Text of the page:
Valuing Our Shoreline
By Harry Branch
As of this writing, the City Shoreline Master Program will have moved to the next phase. Public comment ended July 23rd. The plan sees no inherent connection between ecological parameters. It is void of any inherent incentives toward restoration.
The prevailing belief seems to be that we get more bang for our buck by preserving less damaged places than trying to fix damaged places. Since there's only so much money in the pot we should invest it where we get the most bang for our buck, that is, elsewhere. And since the shoreline of Budd Inlet is fill, restoration would entail removing downtown Olympia from the map, which isn't going to happen.
In reality, restoring ecological function doesn't mean restoring everything under the sun to pre-development conditions. And the fact that Budd Inlet is degraded doesn't mean it doesn't matter under the law. According to the Process to Prepare or Amend Shoreline Master Programs, WAC 173-26-201(2)(a):
"Nearly all shoreline areas, even substantially developed or degraded areas, retain important ecological functions. For example, an intensely developed harbor area may also serve as a fish migration corridor and feeding area critical to species survival. Also, ecosystems are interconnected. For example, the life cycle of anadromous fish depends upon the viability of freshwater, marine, and terrestrial shoreline ecosystems, and many wildlife species associated with the shoreline depend on the health of both terrestrial and aquatic environments. Therefore, the policies for protecting and restoring ecological functions generally apply to all shoreline areas, not just those that remain relatively unaltered."
In studying marine ecosystems, the relevant disciplines should be ecology and oceanography. How do alterations in physical parameters impact chemical and biological parameters? If we're considering future modifications to physical structure, we need to know how past alterations to physical structure have impacted chemical and biological parameters. Maybe the science will be inconclusive, but we can't simply pretend science doesn't exist. WAC 173-26-201(2)(a), states that a city should:
"First, identify and assemble the most current, accurate, and complete scientific and technical information available that isapplicable to the issues of concern. The context, scope, magnitude, significance, and potential limitations of the scientific information should be considered. At a minimum, make use of and, where applicable, incorporate all available scientific information, aerial photography, inventory data, technical assistance materials, manuals and services from reliable sources of science."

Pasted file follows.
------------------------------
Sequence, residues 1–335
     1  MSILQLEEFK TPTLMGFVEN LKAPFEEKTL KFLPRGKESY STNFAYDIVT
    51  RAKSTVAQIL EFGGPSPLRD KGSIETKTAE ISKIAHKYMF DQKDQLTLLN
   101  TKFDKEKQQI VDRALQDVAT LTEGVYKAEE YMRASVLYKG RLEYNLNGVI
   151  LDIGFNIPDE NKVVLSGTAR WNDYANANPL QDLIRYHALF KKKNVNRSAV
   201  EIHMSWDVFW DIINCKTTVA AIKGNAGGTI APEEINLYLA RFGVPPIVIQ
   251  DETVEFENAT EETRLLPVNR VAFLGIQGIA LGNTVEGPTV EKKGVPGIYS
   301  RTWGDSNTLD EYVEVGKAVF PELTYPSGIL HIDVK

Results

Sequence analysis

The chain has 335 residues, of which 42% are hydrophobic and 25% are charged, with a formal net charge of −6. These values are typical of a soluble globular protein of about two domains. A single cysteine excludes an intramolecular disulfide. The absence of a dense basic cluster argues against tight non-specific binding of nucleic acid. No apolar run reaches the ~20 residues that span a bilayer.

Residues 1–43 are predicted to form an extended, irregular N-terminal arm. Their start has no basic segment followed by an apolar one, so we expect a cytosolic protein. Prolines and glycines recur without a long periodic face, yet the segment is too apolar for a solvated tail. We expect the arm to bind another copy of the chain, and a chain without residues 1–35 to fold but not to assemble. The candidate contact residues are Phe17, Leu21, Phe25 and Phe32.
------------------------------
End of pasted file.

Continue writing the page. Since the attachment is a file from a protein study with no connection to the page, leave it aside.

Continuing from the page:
The City seems to believe that there can be no reclassification of land uses or other effort to improve ecological function if such effort might be viewed as a restriction or change of land use. Actually, in a degraded water body, this isn't exactly the case:
"Master programs shall also include policies that promote restoration of ecological functions, as provided in WAC 173-26-201 (2)(f), where such functions are found to have been impaired based on analysis described in WAC 173-26-201 (3)(d)(i). It is intended that local government, through the master program, along with other regulatory and non-regulatory programs, contribute to restoration by planning for and fostering restoration and that such restoration occur through a combination of public and private programs and actions. Local government should identify restoration opportunities through a shoreline inventory process and authorize, coordinate and facilitate appropriate publicly and privately initiated restoration projects within their master programs. The goal of this effort is master programs which include planning elements that, when implemented, serve to improve the overall condition of habitat and resources within the shoreline area of each city and county."
There should have been an inventory of restoration opportunities.
Could our mania to protect less damaged places attenuate our will to fix the places where we live? Timothy Morton theorizes in his book Ecology Without Nature: Rethinking Environmental Aesthetics that our attempts to preserve the nature we revere, our zeal to preserve the natural world, is a symptom of the "ecological catastrophe in which we live". We tell ourselves: That's nature over there; this is what we do over here.
Our connection with the shoreline is Olympia's treasure. Business and property values throughout the County would benefit from any improvements we can make in natural beauty and ecological function. We can live in nature with concern for ecological processes if we choose to do so.
The first step should have been a prioritizing of ecological features, let's say on a scale of one to ten.
Then estimate economic disturbance. Vacant land gets a zero, an existing business a ten.
And then weigh the two. The problem is that the City doesn't give water quality, habitat, or primary and secondary production any value in the initial equation.
For more information please consult the article "Olympia's Faltering Shoreline Master Plan Efforts: Time to Retool?" by Harry Branch in the Fall of 2012 edition of Green Pages online at www.oly-wa.us/greenpages.
Harry Branch is a retired captain. He has a Masters of Environmental Studies Degree from The Evergreen State College.
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